From the way you phrase this, I think you already know most of these answers. I can't speak with confidence about most of the other religions, but I know Christianity does indeed have warnings against dealing with spirits and witchcraft and divination and people that gibber and meep but will be of no consequence, which are all associated with the Fallen, since they're not of God and purport to give information or allow power through means other than God, which potentially weakens the belief's powerbase in followers. I have seen some assertions that the Witch of Endor summoning the shade of... Saul was it(?) was actually a demonstration of a demonic manifestation and deceit and was not actually meant to be interpreted as relating any divine message.

For related information and links especially to Fuld and the board, click my sig banner or go straight to the Fuld website's page: http://www.williamfuld.com/ouija1.html

Edited by Paranormalcy

Ouija Board aka Weegie Board (2024)


What is another name for the Ouija board? ›

The Ouija (/ˈwiːdʒə/ WEE-jə, /-dʒi/ -⁠jee), also known as a Oujia board, spirit board, talking board, or witch board, is a flat board marked with the letters of the Latin alphabet, the numbers 0–9, the words "yes", "no", and occasionally "hello" and "goodbye", along with various symbols and graphics.

What does Ouija mean in English? ›

According to the letters and journals of the group, they asked the board what it wanted to be called. It spelled out "Ouija." When they asked what it meant, it spelled "Good luck." Did Ouija's name come from the board?

What is the name of the board in seance? ›

Spirit boards, also known as talking boards, or ouija boards (after a well-known brand name) are flat tablets, typically made of wood, Masonite, chipboard, or plastic. On the board are a number of symbols, pictures, letters, numbers and/or words.

What is the origin of the Ouija board? ›

The name Ouija comes from a rooming house in Baltimore

But the name was coined by Helen Peters, a medium who was using the board with her brother-in-law Elijah Bond one night 1890 in Baltimore. When she asked what they should call it, the planchette spelled out “Ouija”, which the board told her meant “good luck”.

What is the Japanese version of Ouija? ›

Modern kokkuri has changed heavily from its original form, now resembling the much more common Ouija board, but played with a sheet of paper.

Is Ouija based on a true story? ›

With so many ghost tales circulating over the years, people want to know if Ouija is based on a true story. According to the official promotions for the movie, the answer to that question is no. Technically speaking, the film is based on the Hasbro board game with the same title.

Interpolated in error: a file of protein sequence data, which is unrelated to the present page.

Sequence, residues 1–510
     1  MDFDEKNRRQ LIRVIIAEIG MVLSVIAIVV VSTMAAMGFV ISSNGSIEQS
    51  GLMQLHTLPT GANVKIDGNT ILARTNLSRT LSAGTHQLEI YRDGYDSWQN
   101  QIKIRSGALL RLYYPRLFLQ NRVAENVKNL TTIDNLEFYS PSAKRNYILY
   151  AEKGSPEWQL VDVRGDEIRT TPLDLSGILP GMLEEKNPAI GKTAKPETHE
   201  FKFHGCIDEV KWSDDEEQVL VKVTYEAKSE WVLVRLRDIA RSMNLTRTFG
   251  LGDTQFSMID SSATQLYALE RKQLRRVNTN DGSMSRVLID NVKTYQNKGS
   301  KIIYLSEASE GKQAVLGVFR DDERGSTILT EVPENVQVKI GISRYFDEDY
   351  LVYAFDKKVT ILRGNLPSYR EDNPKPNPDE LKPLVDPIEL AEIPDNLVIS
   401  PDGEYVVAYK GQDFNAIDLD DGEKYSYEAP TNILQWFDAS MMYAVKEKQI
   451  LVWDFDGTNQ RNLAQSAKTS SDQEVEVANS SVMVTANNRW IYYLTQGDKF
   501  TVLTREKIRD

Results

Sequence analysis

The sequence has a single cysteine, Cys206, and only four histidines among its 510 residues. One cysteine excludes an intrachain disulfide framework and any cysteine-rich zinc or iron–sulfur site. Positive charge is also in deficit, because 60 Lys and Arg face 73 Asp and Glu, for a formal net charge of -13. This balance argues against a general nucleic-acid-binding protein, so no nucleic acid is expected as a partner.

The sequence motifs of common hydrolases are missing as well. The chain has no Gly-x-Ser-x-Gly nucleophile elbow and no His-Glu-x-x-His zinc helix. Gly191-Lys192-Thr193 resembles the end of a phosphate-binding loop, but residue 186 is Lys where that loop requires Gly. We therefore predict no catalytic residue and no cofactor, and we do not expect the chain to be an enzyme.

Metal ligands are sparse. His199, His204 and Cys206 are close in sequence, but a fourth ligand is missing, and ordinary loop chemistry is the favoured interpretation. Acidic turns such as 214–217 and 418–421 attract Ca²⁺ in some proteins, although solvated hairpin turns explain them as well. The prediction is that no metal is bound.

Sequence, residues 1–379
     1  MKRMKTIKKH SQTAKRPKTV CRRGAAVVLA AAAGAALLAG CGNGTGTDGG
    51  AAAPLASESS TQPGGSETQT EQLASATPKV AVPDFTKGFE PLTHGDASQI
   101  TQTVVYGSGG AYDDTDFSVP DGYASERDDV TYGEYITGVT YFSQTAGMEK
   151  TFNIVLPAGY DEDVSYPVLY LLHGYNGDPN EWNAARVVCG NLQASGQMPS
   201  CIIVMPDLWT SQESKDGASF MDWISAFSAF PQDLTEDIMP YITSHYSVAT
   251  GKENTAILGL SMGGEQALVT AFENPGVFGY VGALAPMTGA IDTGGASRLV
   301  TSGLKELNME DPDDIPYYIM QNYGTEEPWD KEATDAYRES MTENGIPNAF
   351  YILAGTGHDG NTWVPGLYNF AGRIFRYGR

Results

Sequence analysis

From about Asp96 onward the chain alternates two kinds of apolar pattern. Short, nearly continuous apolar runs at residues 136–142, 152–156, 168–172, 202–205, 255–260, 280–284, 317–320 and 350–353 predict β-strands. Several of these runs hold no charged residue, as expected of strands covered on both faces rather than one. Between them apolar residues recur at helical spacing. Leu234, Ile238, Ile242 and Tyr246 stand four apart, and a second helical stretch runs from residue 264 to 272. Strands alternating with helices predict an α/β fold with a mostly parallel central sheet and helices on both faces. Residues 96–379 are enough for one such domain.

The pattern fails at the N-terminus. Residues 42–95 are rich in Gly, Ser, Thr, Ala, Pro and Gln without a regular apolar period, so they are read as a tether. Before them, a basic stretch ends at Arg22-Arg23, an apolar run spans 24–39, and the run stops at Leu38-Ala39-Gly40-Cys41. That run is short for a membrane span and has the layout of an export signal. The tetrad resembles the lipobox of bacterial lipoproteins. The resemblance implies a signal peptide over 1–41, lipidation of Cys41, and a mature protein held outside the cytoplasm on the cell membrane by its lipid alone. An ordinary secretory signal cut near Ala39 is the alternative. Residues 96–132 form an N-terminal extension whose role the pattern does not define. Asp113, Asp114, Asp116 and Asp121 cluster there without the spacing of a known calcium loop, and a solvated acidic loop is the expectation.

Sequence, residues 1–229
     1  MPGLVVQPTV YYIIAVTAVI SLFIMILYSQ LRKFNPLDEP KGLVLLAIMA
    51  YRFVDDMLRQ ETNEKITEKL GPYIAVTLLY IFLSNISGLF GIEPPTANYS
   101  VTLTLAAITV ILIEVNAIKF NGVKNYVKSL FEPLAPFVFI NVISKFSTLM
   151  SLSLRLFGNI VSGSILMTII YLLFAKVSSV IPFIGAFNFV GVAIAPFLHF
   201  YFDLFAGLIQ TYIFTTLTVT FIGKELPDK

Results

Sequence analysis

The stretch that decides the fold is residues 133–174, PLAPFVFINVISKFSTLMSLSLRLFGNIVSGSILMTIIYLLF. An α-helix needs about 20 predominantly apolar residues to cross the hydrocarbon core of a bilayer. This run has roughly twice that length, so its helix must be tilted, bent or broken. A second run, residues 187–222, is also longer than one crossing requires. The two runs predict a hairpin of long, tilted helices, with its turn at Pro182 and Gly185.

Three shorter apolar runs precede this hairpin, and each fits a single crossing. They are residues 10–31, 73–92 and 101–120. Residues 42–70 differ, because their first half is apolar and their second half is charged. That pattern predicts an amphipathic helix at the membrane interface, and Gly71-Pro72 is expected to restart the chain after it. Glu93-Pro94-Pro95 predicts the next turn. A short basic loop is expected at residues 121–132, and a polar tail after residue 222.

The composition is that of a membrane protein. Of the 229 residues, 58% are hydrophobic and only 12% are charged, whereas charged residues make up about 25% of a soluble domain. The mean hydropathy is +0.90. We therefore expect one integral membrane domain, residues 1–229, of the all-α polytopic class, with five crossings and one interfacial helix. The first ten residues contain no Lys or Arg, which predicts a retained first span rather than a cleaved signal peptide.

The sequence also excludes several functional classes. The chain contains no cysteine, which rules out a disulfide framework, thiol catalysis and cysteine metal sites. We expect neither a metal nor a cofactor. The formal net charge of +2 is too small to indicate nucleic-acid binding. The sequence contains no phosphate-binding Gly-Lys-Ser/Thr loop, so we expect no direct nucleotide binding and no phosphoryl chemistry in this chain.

How scary is Ouija: Origin of Evil? ›

Parents need to know that Ouija: Origin of Evil is better than 2014's Ouija (both movies are based on Hasbro's Ouija board game). There are plenty of scares and creepy scenes, but they're mostly bloodless. While possessed by a monster, a 9-year-old girl does terrible things and is herself in peril.

How do you play Ouija? ›

Sit in a circle around the Ouija board with your friends. Have everyone place their index and middle fingers on the planchette, and start asking “yes” or “no” questions. When you're finished or when the spirits stop answering, say “goodbye” to end your Ouija session.

What is the board for a seance in the nyt mini? ›

Kind of board for a séance

The answer is Ouija.

What is a skaters leap called? ›

Axel: A forward-facing jump invented by Norwegian Axel Paulson in 1882. The Axel is the only jump in which skaters take off from a forward outside edge.

What is a building add-on called? ›

An annex is an extension of or an addition to a building. A small room off of a main room is an annex, and attics are another type of annex.

What does the word Ouija mean? ›

The makers of the first talking board asked the board what they should call it; the name “Ouija” came through and, when they asked what that meant, the board replied, “Good luck.”

Is Ouija: Origin of Evil inappropriate? ›

Ouija: Origin of Evil [2016] [PG-13] - 1.6. 3 | Parents' Guide & Review | Kids-In-Mind.com. SEX/NUDITY 1 - A teen boy and a teen girl nearly kiss and a priest interrupts them. A teen boy and a teen girl go to the girl's bedroom to listen to records, they sit on her bed together and they kiss.

Is Ouija: Origin of Evil connected? ›

Ouija: Origin of Evil is a 2016 American supernatural horror film directed and edited by Mike Flanagan and written by Flanagan and Jeff Howard. The film is a prequel to the 2014 film Ouija and stars Elizabeth Reaser, Lulu Wilson, Annalise Basso, and Henry Thomas.

What is Ouija 2 called? ›

Ouija: Origin of Evil is a 2016 American supernatural horror film directed and edited by Mike Flanagan and written by Flanagan and Jeff Howard. The film is a prequel to the 2014 film Ouija and stars Elizabeth Reaser, Lulu Wilson, Annalise Basso, and Henry Thomas.

What is Ouija 1? ›

Ouija is a 2014 American supernatural horror film directed by Stiles White in his directorial debut, produced by Jason Blum, Michael Bay, Andrew Form, Bradley Fuller, and Bennett Schneir and written by Juliet Snowden and White, who previously together wrote The Possession.